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Data collection, privacy, and COVID-19

How can the government protect privacy if cell phone tracking is used to combat COVID-19?

Extraordinary times call for extraordinary measures - but should those measures include tracking the movements of people through their cell phones?

In an effort to track and contain COVID-19 in their countries, some governments are turning to digital tracking and location data collection. But many people have serious privacy concerns about this approach, and worry that special powers which are bought in to address the pandemic will end up remaining in place permanently, as was seen in the U.S. following the 9/11 attacks. 

Some of the ways phone tracking is being used include:

  • To identify ‘hotspots’ where many people are gathering;
  • To track whether people have come into contact with infected people;
  • To monitor and enforce quarantine for people who are ill or who have been exposed.

In some European countries like Italy and Germany, mobile carriers are sharing aggregated location data with government to help them monitor whether people are complying with curbs on movement, and identify potential contact hot spots. 

In Singapore and the UK, apps are being used or proposed to detect whether people have come into contact with people who have been infected. Google and Apple are working on a similar voluntary app, which uses Bluetooth signals to detect other phones nearby. If a person tests positive for the virus, the data can in theory be used to find other people that person may have been in contact with - though there are serious concerns about whether Bluetooth contact is a reasonable approximation of the physical contact that spreads the virus

In Taiwan, the government is using cell phones to “geo-fence” quarantined people in their homes. The technology alerts authorities if the individual leaves their home or turns off their cell phone. Similarly, in Poland, the government has introduced an app which requires quarantined people to take and submit regular selfies to prove that they’re at home. People who do not comply are visited by the police. 

Each of these measures has different implications for our rights, but all involve trading away some privacy protections for the uncertain possibility of increased health protection. 

The big question for many in Canada right now is: Is Canada planning on bringing in any of these measures? The answer may depend on where you live. Alberta has announced plans to enforce quarantine compliance by app; it is unclear if other provinces will follow. Federally Trudeau hasn't ruled out using smartphone data to track locations and identify if people in Canada are complying with pandemic measures.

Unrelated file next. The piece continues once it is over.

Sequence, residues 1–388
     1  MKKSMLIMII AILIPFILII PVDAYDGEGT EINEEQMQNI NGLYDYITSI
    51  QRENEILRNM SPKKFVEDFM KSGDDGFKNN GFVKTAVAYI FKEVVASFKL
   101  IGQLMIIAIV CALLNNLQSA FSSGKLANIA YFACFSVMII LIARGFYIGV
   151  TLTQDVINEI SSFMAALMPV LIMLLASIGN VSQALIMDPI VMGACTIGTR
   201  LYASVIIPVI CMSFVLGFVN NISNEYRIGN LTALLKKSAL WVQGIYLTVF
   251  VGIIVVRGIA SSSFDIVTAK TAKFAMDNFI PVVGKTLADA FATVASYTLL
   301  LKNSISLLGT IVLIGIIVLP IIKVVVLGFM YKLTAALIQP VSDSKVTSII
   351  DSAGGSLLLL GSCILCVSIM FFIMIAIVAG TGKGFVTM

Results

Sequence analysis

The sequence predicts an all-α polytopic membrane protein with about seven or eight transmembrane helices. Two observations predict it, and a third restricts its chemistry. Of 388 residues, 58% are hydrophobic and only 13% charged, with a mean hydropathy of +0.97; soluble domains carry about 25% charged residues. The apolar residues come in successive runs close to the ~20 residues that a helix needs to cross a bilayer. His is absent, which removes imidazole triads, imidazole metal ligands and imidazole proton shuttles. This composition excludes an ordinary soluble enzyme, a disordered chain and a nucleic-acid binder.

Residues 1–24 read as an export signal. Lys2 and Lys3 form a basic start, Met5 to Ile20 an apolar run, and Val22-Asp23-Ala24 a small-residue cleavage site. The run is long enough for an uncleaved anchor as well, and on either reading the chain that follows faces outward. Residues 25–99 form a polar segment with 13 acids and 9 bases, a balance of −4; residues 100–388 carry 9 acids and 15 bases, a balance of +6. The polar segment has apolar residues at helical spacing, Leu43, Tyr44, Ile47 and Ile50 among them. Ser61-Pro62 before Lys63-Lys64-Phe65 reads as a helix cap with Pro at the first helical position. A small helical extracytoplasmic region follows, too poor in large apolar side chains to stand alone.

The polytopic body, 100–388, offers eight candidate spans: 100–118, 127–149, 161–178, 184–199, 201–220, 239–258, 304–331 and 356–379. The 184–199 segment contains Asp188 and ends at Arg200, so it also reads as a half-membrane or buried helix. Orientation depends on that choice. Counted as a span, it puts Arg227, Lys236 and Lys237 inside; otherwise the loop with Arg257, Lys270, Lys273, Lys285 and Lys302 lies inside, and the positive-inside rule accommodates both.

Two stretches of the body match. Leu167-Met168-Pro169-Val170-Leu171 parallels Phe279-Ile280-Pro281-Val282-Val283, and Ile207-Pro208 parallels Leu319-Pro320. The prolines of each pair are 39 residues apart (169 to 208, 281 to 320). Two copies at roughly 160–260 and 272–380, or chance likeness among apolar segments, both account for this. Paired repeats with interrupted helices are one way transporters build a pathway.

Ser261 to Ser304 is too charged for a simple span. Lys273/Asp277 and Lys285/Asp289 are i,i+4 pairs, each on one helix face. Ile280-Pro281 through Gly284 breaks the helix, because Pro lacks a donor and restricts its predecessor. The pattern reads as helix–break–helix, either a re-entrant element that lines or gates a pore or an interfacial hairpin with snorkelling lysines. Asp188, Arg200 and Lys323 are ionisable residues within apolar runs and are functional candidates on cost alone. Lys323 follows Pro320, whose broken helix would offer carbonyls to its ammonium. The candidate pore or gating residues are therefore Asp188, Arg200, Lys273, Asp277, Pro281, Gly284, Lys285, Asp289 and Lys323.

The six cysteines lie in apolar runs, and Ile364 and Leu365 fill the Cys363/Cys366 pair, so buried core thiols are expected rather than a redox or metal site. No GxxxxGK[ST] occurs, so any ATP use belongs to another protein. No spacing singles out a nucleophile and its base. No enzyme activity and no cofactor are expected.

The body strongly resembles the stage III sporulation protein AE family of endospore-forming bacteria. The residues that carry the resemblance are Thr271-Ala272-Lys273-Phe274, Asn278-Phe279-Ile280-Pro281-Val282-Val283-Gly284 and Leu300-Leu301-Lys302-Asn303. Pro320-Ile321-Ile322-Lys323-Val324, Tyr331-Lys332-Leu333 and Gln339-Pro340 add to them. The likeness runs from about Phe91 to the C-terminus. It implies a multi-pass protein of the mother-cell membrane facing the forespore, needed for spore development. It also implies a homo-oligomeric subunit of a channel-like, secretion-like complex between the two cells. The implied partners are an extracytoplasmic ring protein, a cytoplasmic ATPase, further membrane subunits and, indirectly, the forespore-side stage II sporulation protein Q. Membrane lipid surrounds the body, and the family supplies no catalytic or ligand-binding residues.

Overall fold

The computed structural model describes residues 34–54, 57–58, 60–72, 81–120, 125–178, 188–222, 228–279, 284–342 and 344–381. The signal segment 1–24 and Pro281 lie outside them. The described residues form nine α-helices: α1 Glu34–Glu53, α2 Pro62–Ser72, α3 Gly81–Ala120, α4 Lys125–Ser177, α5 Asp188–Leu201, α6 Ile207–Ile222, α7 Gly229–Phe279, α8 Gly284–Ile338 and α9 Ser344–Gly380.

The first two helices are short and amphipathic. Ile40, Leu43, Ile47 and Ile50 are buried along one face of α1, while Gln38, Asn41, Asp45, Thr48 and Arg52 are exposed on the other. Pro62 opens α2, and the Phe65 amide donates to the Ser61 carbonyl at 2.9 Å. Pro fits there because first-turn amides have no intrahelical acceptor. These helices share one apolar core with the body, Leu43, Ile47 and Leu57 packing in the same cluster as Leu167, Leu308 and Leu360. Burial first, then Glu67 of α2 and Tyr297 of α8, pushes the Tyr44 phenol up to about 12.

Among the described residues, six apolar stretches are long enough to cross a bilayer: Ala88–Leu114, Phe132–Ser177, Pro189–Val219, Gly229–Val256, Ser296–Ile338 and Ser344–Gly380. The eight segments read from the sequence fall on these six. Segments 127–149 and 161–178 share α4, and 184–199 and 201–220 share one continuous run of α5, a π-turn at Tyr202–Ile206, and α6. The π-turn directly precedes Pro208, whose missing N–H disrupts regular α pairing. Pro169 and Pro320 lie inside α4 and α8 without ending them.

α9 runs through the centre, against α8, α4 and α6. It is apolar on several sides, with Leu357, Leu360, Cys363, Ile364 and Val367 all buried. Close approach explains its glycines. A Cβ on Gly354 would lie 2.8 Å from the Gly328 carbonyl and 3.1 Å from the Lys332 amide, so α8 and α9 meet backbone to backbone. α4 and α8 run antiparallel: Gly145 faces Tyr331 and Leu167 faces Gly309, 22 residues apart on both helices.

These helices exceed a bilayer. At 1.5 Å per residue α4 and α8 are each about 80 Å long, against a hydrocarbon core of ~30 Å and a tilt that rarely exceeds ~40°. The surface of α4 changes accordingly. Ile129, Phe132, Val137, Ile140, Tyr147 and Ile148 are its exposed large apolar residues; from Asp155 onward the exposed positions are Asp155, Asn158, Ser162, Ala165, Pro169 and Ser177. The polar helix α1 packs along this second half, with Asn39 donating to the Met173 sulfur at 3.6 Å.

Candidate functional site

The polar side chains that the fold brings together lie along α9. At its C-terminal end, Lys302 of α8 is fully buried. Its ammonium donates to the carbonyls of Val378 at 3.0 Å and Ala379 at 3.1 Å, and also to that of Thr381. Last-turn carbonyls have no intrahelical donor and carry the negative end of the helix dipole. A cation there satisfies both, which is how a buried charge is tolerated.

This has left many people in Canada concerned about the possibility of overreaching invasive emergency measures, and for their potential to continue to undermine privacy after the crisis is over.

With that in mind, OpenMedia, alongside a number of Canadian experts and civil society organizations, is looking to pre-empt potential bad policies by putting forward seven key principles that should be in place if any of these measures are considered, to preserve our privacy and our democracy. 

1. Prioritize approaches to help people stay at home which do not involve surveillance
Use public education, financial assistance, and other options to help people stay at home and avoid infection.

2. Due process for adopting any new powers
Open public debate, as well as a proper legislative process, must happen before any new powers are bought in. Any new rules must be temporary, with scheduled review periods. Courts and the privacy commissioner must assess the legality, effectiveness and proportionality of any measures. And there must be full transparency both of any new rules, and any reviews. 

3. Consent must be favoured
Options that allow people the choice to volunteer their data must be strongly preferred to non-voluntary data collection.

4. Put strict limits on data collection and retention
Any data collected must be limited to what’s strictly necessary, and deleted as soon as it’s no longer necessary to contain the pandemic.

5. Put strict limits on use and disclosure
All data must be de-identified and anonymized. It must only be used for its stated purpose. And it shouldn’t be disclosed to anyone outside of the original scope, for example immigration authorities or commercial entities.

6. There must be oversight, transparency and accountability
Any new rules or technology adopted during this period must have independent oversight, and be fully transparent. There must also be options for recourse, should there be a data breach or violation of rights. 

7. Any surveillance efforts related to COVID-19 must not fall under the domain of security, law enforcement or intelligence agencies
The current pandemic situation is a public health crisis, not a matter of national security. Security, law enforcement and intelligence agencies must not be involved in any form of public health surveillance or data collection.

There’s no doubt that these are extraordinary times. And the pressure to adopt extraordinary measures in response to this situation is high. But we have to carefully consider the cost to our privacy, values and human rights. We must hear clearly from our government that our rights are prioritized and that these principles will be respected. 

For the full version of these principles, please visit http://openmedia.org/protect_rights_through_covid19/